2 Samuel 1-2

Integrity of Heart.

“David and his men tore their clothes in sorrow when they heard the news. They mourned and wept and fasted all day for Saul and his son Jonathan, and for the Lord’s army and the nation of Israel, because they had died by the sword that day.” ­– 2 Samuel 1:11-12 NLT

David was referred to by God Himself as a man after His own heart (1 Samuel 13:14). That designation has always bothered some people because of what appear to be some significant character deficiencies in David. But these first two chapters of 2 Samuel give us some insight into what God saw in David. God knew David’s heart. He also knew David’s flaws. His choice of David was not based on perfection, but on a willingness to obey God and serve Him with integrity of heart. In fact, we read over in Psalm 78 these words regarding David:

He [God] also chose David His servant And took him from the sheepfolds; From the care of the ewes with suckling lambs He brought him To shepherd Jacob His people, And Israel His inheritance. So he shepherded them according to the integrity of his heart, And guided them with his skillful hands. – Psalm 78:70-72 NASB

David was a man of integrity, and nowhere is this more apparent than in his reaction to the death of his arch nemesis, Saul. Think about what your reaction would have been if you had been in David’s sandals. He had been relentlessly pursued by this man for years. He had been forced to live in caves, scrounge for food, care for a growing band of men and their families, and constantly look over his shoulder in fear that Saul and his men might be there, ready to take his life. Now, he receives the news that Saul has been killed in battle, along with his son, Jonathan. Did David rejoice? Did he pump his fist and yell at the top of his lungs? Did he and his men hold a celebration? No, we’re told that his immediate reaction was one of mourning. And not just for the loss of Jonathan, his best friend. David legitimately mourned for Saul.

David received this news from an Amalekite mercenary who said that he had stumbled upon Saul in the heat of battle. When he arrived, Saul was near death and about to be swarmed by the Philistines, so Saul asked the man to take his life. The man supposedly agreed to do just that and when he had done so, he took Saul’s crown and arm bracelet and brought them to David as proof. He probably thought David was going to give him a reward for taking the life of David’s enemy. The only problem is that this man’s story was a complete fabrication. We know from 1 Samuel 31:3-6, that Saul had taken his own life. This guy had just happened to come upon Saul’s body, probably while doing a little looting on the battlefield. He fully expected David to slap him on the back and give him some kind of a reward for his “efforts.” But he was in for a surprise. David actually has the man killed. Why? Because he confessed to doing what David himself had refused to do on two different occasions. He took the life of the Lord’s anointed. David had had his chances to kill Saul and he had refused, saying, “The Lord forbid that I should do this to my lord the king and attack the Lord’s anointed one, for the Lord himself has chosen him” (1 Samuel 24:6 NLT). You see the integrity of David’s heart. He knew that God had put Saul on the throne and it was up to God to remove him. And even when it became apparent that God had done just that, David didn’t rejoice – he mourned. He was saddened over the death of the king of Israel.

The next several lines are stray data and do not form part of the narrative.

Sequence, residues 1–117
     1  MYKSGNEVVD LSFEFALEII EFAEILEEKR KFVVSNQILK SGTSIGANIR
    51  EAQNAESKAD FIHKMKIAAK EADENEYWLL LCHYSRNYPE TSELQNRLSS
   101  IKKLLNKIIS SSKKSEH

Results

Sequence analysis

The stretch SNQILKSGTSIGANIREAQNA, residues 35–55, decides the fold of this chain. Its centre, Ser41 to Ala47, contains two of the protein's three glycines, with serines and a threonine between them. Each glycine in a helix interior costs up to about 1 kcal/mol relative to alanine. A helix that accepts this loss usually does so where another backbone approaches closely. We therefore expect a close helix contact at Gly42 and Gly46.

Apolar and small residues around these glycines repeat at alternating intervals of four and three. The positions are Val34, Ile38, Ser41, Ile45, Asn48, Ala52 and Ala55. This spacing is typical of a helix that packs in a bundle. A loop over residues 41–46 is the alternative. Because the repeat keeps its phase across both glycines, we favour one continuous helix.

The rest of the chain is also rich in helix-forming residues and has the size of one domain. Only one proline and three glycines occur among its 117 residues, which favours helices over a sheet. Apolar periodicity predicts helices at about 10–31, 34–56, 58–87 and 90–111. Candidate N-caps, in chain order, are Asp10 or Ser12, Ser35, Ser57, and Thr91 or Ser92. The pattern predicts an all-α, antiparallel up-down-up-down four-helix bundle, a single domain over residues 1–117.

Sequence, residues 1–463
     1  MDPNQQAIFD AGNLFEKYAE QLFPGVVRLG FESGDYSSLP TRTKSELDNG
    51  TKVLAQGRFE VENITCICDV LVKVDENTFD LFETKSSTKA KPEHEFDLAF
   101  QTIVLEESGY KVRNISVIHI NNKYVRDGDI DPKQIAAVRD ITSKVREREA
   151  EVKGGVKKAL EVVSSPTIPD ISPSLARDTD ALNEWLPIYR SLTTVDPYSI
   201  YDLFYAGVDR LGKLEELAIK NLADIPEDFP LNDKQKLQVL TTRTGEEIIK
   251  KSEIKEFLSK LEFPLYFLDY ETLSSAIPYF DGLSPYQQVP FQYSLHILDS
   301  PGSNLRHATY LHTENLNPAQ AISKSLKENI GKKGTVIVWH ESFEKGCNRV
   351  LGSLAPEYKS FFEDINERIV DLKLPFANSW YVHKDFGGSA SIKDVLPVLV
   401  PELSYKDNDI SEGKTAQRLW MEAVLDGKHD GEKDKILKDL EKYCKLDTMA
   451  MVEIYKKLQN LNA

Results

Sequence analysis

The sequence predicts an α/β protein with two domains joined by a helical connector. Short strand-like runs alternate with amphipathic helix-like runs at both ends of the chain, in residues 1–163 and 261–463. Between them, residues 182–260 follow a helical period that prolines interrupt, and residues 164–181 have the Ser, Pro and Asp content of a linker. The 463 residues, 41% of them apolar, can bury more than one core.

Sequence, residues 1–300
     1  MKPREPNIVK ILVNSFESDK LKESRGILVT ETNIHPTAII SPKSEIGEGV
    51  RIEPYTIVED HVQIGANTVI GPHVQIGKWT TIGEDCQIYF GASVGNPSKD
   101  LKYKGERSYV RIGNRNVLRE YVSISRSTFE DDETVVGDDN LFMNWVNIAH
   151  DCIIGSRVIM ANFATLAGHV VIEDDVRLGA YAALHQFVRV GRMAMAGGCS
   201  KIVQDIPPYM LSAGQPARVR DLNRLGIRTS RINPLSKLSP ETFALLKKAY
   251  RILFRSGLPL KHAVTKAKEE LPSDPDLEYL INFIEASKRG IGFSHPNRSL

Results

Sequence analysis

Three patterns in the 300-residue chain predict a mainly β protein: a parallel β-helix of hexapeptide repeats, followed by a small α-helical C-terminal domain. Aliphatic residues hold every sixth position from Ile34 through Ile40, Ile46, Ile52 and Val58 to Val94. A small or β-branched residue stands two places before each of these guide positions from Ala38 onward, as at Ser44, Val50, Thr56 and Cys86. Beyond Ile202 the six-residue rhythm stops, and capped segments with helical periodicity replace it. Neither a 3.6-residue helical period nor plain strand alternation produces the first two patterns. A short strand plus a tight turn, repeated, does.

One of the characteristics of pride is resisting authority and showing disrespect to those in authority. At no point did David do this. A prideful person is also consumed with themselves, jealous, envious, not glad for others’ successes, deceitful, covering up their own faults, while gladly exposing the failings of others. David could have easily gloated over Saul’s death. He could have recounted all the times Saul had tried to kill him and that now Saul had finally gotten what he deserved. But instead, David mourned. He truly did have integrity of heart. Our reaction when our enemies fail is a great indicator of the condition of our heart. Do we gloat when our enemies face disaster? Do we find ourselves happy when we hear that someone we dislike has run into unexpected trouble? When the politician we didn’t vote for runs into trouble, do we inwardly rejoice? If so, then these reactions give a snap shot of the condition of our heart. May we pray that God give us a heart marked by integrity. A heart like his. A heart of love. “Love is patient and kind. Love is not jealous or boastful or proud or rude. It does not demand its own way. It is not irritable, and it keeps no record of being wronged. It does not rejoice about injustice but rejoices whenever the truth wins out. Love never gives up, never loses faith, is always hopeful, and endures through every circumstance” (1 Corinthians 13:4-7 NLT).

Father, I want to have a heart like David had, a heart like Yours. Too often I rejoice in wrong, I get jealous, I become proud and conceited. I would have had a party if I had been David. I would have been happy to hear of Saul’s death. But David mourned. Give me that kind of a heart, Father. Amen

Ken Miller
Grow Pastor & Minister to Men